Social Media Influencers and advertising

Social Media, #Influencers, and the FTC

In Business 101, Creative Entrepreneurs by Shannon Montgomery

Social Media advertising is a billion-dollar industry. Make that $19.3 billion in 2018 in the United States. It’s no wonder everyone wants to be an influencer, work with influencers, or be the brand every influencer wants to work with. So it’s also not surprising that the Federal Trade Commission (the FTC) is continuing to disrupt influencer marketing by handing out fines and lawsuits when their guidelines aren’t followed.

Recently, the FTC accepted consent orders settling some pretty intense false advertising charges against a PR firm, the CEO of said firm, and a magazine and its owner, over an advertising campaign developed and utilized during the Rio Olympics. I won’t get into details of that claim here, however, neither the PR firm, the magazine or the influencers involved in this campaign took the necessary steps to ensure the public understood that what they were looking at were advertisements and not merely organic posts by the influencers. And this my friends is a big no-no in the eyes of the FTC.

The Rules

The FTC Endorsement Guides require that any material connection between an influencer and the product or service they are posting about must be clearly disclosed. How these disclosures are made can happen in a variety of ways. For example, the use of hashtags that say sponsored or paid advertisement is often seen as appropriate especially if paired with a statement from the influencer regarding the connection. The FTC clearly indicates in its Enforcement Policy Statement on Deceptively Formatted Advertisements, that messages (posts, videos etc.) that are not readily “identifiable as advertising to consumers are deceptive if they mislead consumers into believing they are independent, impartial or not from the sponsoring advertiser itself.” In other words, don’t make it look too organic or the FTC is going to come after you.

What You Should Do

The consent orders coming out of this settlement are pretty clear on what brands should do when working with influencers to avoid facing the same issue. And, it places a lot of responsibility on the influencer. So, if you’re an influencer it’s important that you know the rules and that you follow them precisely!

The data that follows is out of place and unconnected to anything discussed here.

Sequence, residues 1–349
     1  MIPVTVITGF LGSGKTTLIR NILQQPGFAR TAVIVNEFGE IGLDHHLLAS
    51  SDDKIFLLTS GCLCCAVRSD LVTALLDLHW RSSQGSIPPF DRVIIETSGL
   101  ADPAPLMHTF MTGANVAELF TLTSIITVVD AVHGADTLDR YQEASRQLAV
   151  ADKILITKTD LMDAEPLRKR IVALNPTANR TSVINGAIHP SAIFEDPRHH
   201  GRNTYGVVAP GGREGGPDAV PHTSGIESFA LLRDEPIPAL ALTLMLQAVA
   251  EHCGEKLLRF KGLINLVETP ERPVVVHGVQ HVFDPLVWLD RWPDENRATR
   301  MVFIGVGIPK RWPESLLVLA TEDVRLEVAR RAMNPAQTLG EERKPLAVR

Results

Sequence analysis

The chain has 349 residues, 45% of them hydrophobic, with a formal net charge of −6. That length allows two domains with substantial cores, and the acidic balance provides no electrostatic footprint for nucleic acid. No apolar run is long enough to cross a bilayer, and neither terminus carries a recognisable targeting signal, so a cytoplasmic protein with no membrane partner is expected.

Here’s what the FTC wants to see in your influencer contracts:

  • Provide influencers with a clear statement of their responsibilities to disclose clearly and conspicuously, and in close proximity to the post, video etc., the influencer’s material connection to the product or service.
  • Obtain from each such influencer a signed and dated statement acknowledging receipt of that statement and expressly agreeing to comply with it;
  • Establish, implement, and maintain a system to monitor and review the influencers’ activities as it relates to the campaign you’re doing with them;
  • Immediately terminate and cease payments to any influencer with non-complying posts. Although brands may provide notice of failure to adequately disclose, and an opportunity to fix the issue prior to terminating the relationship if the failure to disclose was on accident. Any subsequent failure to disclose will result in immediate termination;
  • Create reports showing the results of the monitoring being done as it is required by these provisions.

So you can see as a brand you need to beef up your contracts a bit, or actually start using them…and as an influencer, you are going to want to get extremely familiar with the FTC guidelines and all the updates they are constantly making to them. Or, get someone on your team that can do that for you (like me!).

This recent FTC action highlights the importance of playing by the rules in the Social Media world. As the brand or advertising agency be open and honest with the influencer on what is legally expected from them, monitor their actions and ensure they are following the law. As the influencer, take responsibility for knowing the law and following it because the FTC will make sure you do!

If you’re an influencer or a brand working with them and you have questions about this, send an email to and let’s see if I can help you out!


Please note that this is not meant to be legal advice for you or your situation, this is merely some legal research and knowledge on the given topic.